Hip-hop poet and author Camika Spencer says that assuming a male voice in her first novel, "When All Hell Breaks Loose," was a cinch.

"I think men are simple," says Spencer, 27, on the phone from Dallas, taking a break from her job at a computer company.

"I think women are complex, but men are simple. They see things one, two, three. We see things one and a half, two and three-quarters. . . . I just had to remove all my complexity."

So the book's hero, Gregory Alston, is lovably clueless about his upcoming nuptials, while his mother and fiancee always remain a few fractions ahead. That is, of course, until all hell breaks loose during a Jerry Springeresque climax--hence the book's title.

Getting the novel published demanded a capacity for complexity. Publishers were unimpressed with Spencer's earlier attempts. After getting her "feelings hurt," she decided to self-publish.

In 1997, she moved back in with her mother and spent her savings to print 5,000 copies of "When All Hell Breaks Loose." To market the book, she says, "I got my hustle on."

Her best friend printed up red fliers with black letters reading, "All Hell Is About to Break Loose in April." Her company, Akimac Publishing, sent 150 of them to black bookstores across the country with no contact name, address or other identifying information. Closer to the book's release date, Spencer sent out full publicity packets about herself and the book.

Getting her hustle on also meant crashing a book fair in Chicago wearing an Akimac Publishing T-shirt. There, she managed to schedule book-signings and even took several orders from booksellers. The final hustle was throwing a huge release party at a Dallas museum in April 1997, which helped create a buzz around the book--and where she sold 300 copies. Just 800 of her books were left when Random House picked up the novel and re-released it this year.

Spencer says she's part of a new generation of artists who are creating a black renaissance in Dallas. "I've never seen so many young, talented black people in Dallas before in my life," she says, noting that Dallas is the home of singer Erykah Badu, jazz trumpeter Roy Hargrove and a host of entrepreneurs who have opened clubs, bookstores and restaurants.

"All of these people are 30 and under. We all interconnect with each other for our different talents. We are building a foundation."

One of the attributes that characterize this generation of artists is being adept at several art forms, Spencer says.

"A lot of us are multifaceted. A Chicago Tribune headline said 'Hip-hop Poet Turns Author'--they were talking about me!" Spencer is also a spoken-word poet who performs, under the name Emotion Brown, with her group, Ordained in Lyrics, composed of Spencer and male partners GNO and Judah the Black Rose.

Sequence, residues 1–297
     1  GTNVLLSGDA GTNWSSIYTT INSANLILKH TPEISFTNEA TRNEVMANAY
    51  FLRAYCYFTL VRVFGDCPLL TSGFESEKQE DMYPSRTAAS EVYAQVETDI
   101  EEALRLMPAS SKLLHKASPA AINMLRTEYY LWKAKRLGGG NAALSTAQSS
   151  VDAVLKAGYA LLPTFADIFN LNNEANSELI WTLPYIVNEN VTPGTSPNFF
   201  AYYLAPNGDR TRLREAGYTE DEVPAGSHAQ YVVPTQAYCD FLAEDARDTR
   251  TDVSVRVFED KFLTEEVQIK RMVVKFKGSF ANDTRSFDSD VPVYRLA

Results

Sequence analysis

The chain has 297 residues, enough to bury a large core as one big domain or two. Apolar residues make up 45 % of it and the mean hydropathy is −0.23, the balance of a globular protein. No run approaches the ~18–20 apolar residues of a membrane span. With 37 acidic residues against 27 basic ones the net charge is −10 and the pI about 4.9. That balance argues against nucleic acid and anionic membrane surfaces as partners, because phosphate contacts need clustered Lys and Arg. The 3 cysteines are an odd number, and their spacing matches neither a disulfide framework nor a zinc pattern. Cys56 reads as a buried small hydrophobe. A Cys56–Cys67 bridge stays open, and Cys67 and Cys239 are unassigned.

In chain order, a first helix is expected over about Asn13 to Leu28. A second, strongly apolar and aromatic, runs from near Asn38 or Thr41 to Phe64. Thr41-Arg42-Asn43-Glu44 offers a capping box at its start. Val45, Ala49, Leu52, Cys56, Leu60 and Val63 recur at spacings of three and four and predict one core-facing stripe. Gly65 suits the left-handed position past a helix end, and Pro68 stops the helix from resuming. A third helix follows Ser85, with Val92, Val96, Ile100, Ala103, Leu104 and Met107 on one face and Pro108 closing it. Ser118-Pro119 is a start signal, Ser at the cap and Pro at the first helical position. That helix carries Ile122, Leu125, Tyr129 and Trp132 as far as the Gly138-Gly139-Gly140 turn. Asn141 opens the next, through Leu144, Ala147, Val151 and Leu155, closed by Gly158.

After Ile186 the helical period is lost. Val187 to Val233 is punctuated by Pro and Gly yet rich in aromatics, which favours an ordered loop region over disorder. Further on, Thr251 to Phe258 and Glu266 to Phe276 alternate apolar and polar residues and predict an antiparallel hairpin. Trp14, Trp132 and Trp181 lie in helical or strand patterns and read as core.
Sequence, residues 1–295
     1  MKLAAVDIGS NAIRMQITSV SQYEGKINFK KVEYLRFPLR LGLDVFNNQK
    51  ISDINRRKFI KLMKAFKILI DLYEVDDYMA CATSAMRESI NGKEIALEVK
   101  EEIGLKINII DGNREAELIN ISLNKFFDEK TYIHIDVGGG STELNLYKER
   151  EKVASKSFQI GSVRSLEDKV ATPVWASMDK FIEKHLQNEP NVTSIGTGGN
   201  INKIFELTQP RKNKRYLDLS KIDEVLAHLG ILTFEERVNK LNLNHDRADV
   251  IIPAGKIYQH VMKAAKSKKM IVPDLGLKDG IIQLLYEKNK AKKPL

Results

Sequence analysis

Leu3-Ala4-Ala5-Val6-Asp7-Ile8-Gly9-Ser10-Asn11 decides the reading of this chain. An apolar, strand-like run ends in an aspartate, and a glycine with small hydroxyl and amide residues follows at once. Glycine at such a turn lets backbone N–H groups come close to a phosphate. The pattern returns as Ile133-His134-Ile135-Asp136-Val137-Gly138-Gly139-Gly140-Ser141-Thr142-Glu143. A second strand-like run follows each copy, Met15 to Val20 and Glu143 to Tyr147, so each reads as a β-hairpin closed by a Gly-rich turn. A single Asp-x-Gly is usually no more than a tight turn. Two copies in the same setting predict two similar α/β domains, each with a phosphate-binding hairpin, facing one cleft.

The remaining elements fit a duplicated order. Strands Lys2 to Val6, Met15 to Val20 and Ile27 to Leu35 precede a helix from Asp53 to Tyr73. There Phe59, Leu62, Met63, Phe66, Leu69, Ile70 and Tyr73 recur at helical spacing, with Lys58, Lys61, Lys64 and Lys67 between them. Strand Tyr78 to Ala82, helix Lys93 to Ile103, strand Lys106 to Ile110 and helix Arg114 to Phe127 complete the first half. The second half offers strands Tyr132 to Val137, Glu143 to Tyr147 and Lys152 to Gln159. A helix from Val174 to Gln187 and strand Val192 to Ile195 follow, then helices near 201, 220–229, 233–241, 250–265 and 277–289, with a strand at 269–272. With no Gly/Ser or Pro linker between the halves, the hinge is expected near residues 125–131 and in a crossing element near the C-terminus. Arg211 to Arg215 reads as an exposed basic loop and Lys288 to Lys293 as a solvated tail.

"All this blending is going on with all these artistic elements." she says. "Our whole generation, we're blurring those lines, because we're realizing that expression is expression."

Throughout her childhood, spent mostly in Dallas with a couple of years in Hagerstown, Md., Spencer dabbled in various types of art. "I was always into expression, no matter what form. I used to sing, dance, you name it."

After receiving a degree in radio and television broadcasting from East Texas State University, Spencer worked for a black bookstore in Dallas. For the past few years, she's been working on computer system support staffs at various Dallas high-tech companies.

Since she began writing, Spencer has been inspired by a variety of black writers. Pearl Cleage is a favorite, as well as contemporary authors such as Terry McMillan.

Spencer says that because she came of age during the boom in lighthearted contemporary black fiction, her work doesn't delve as deeply into the human psyche as that of venerable black writers.

She says that rather than Richard Wright's "Native Son" and "Black Boy," she grew up reading McMillan's "Mama" and "Disappearing Acts." Her influences, she says, include popular culture and observing regular people doing regular things.

"A lot of people are just excited that I've created a simple book," she says. "It's not overly narrated. Sisters don't have a lot of time to read. They've got their five minutes in the bathroom, 10 minutes on the bus. I'm just finding a niche for something that is quick and entertaining. Nothing that will hurt them but that will help them look at some things."

Spencer is now beginning to see the fruits of that frantic hustle. Just last month, she moved out of her mom's house and into her own place. And she's also working on her second novel, "Cubicles," about black life in corporate America.

She says she wouldn't want to be coming of age as an artist at any other time in history.

"I think the creative forces that be are looking at us and saying it's time," she says. "I see young, single sisters running things. Sisters are like, cut the B.S., let's get some things done."

Spencer will read from "When All Hell Breaks Loose" Sunday at two Karibu Books locations: 1 to 3 p.m. at 2103 Brightseat Rd., Landover, and 4 to 6 p.m. at 3500 East West Hwy., Hyattsville. Admission is free. For more information, call 301-559-1140.

CAPTION: Camika Spencer invested her savings in printing "When All Hell Breaks Loose."